Anti-Chief, pro-Illinois

By Katie Dunne

I am a journalism major. I live in Scott Hall. My favorite bar is Kam’s. I am anti-Chief.

As a freshman on this campus, there were a few things I had to know about myself, and my position on the Chief was definitely one of them.

A lot has changed since freshman year. I’m no longer a journalism major, I don’t live in Scott Hall, my favorite bar is definitely not Kam’s, and I don’t have to be anti-Chief anymore. The dichotomy that once split this campus has ceased to exist. The terms “pro-Chief” and “anti-Chief” have become meaningless because, as of last year, there is no Chief.

This begs the question: Why is a group called “Students for Chief Illiniwek” spending more than $4,000 on an event that glorifies the nonexistent University symbol? Though the goal of Students for Chief Illiniwek is to keep the tradition alive, “The Next Dance” will ultimately accomplish only two things: It will offend a significant portion of the University community and it will give false hope to Chief supporters.

Before moving down to Champaign in 2005, I was completely Chief-neutral. I knew he was the University symbol, he danced at halftime, and he yelled, “Oskee Wow-Wow” (whatever that meant). It wasn’t until I moved into Scott Hall and was confronted with “Save the Chief” campaigns that I felt compelled to choose a side. Would I be pro- or anti-Chief?

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    The most persuasive arguments for Chief Illiniwek – his value as a University tradition and his special meaning for alumni – fell short of convincing me. The game-day fun and halftime entertainment seemed incredibly trivial when compared to the opinions of American Indian students and community members. The Chief’s dance was offensive to their culture. His regalia made a mockery of their traditions. How could I overlook those things for the sake of a halftime show? Needless to say, I came down on the anti-Chief side and, two years later, so did the Board of Trustees.

    Last year, the University’s governing body made it very clear that the Chief had danced his last dance. His negative effect on the University was beginning to far outweigh the value of his tradition, and the Board acted in the University’s best interest.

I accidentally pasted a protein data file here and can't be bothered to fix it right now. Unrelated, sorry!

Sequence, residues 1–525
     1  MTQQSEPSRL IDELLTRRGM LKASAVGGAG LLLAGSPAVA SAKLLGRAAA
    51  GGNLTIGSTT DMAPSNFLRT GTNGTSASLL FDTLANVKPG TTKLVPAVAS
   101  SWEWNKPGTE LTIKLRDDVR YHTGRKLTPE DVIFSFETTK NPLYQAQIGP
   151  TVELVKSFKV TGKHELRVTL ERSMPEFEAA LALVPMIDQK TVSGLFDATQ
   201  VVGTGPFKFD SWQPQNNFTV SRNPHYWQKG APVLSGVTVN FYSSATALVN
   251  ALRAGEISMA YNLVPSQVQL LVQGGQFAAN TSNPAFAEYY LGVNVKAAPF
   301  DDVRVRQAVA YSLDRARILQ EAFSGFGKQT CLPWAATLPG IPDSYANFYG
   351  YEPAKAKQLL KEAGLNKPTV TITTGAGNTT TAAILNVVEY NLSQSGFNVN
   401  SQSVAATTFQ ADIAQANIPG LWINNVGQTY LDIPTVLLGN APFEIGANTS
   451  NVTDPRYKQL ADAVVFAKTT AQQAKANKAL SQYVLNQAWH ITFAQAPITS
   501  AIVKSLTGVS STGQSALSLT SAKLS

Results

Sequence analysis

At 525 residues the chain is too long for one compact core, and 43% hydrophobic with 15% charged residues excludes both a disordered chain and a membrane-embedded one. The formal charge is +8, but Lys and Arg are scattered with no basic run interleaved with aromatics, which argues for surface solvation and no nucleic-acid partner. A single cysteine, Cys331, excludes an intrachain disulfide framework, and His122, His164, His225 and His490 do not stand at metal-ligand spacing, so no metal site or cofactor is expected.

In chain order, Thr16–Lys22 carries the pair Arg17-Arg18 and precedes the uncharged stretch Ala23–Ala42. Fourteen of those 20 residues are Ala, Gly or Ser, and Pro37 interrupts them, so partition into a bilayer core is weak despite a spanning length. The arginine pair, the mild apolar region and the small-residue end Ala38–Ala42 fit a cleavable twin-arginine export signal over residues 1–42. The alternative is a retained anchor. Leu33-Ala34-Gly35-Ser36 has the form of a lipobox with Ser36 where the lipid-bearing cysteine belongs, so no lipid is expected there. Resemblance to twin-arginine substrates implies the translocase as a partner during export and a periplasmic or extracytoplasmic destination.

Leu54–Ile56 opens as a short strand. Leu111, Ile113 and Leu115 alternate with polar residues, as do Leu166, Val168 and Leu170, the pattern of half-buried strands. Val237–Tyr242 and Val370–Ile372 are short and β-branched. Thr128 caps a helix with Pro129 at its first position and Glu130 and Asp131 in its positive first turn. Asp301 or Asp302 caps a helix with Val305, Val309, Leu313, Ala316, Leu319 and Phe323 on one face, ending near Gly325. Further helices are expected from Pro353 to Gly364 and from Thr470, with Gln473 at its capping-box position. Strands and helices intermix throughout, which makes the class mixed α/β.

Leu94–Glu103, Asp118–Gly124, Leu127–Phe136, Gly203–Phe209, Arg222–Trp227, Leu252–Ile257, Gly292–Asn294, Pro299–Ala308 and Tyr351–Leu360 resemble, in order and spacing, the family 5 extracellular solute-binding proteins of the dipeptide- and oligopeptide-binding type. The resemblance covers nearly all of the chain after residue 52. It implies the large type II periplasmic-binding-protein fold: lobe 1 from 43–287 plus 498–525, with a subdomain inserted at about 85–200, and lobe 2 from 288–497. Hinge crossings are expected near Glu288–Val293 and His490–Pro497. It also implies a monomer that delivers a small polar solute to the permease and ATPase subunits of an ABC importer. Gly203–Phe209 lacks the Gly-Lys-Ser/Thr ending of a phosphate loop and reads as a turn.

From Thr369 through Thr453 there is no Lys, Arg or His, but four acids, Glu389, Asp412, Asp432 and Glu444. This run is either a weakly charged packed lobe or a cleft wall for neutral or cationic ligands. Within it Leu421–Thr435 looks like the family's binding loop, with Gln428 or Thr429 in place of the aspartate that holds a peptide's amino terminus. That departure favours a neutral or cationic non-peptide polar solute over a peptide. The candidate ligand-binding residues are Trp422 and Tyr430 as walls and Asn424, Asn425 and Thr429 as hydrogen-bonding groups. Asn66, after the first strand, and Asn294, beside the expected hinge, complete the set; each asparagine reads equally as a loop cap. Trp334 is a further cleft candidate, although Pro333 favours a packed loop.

Creating an event that attempts to resurrect this symbol is counterproductive. Rather than accepting the Board of Trustees’ decision and moving forward as a united campus, Students for Chief Illiniwek insists on rehashing a fruitless debate. “The Next Dance” will stir up anger and resentment on both sides of the dispute, and it will, once again, divide this campus.

    For the next few days, this event will create some noise among students, some discomfort among administrators and some paperwork in the Trademark Department. But more importantly, it will offend the group of people that it attempts to honor. Many American Indians on this campus considered the Chief’s retirement a victory. They thought that their culture had finally been spared the humiliation of Chief Illiniwek’s “dance.” Now, a year later, as wounds are healing and the campus is moving forward, the Chief’s Memorial will drag us back to square one.

    This student group’s perpetuation of the Chief controversy does a disservice to the entire University community by distracting us from what really matters. The University of Illinois is not and never should be defined by its mascot. People choose to attend this school because they want an impeccable education, not because they like the “Three in One.” They want to be surrounded by intellectuals in an environment that is conducive to learning and self-discovery, with or without a halftime dance. Our campus is represented by millions of students, faculty, alumni and fans around the world, not by a stereotypical symbol.

    A lot has changed since freshman year, but one thing remains the same: The University of Illinois is one of the greatest places in the world. It is time to prove that we are more than a symbol. It is time to stop honoring the Chief and start honoring the orange and blue.

    Katie is a senior in Spanish and political science and Kam’s still has a special place in her heart.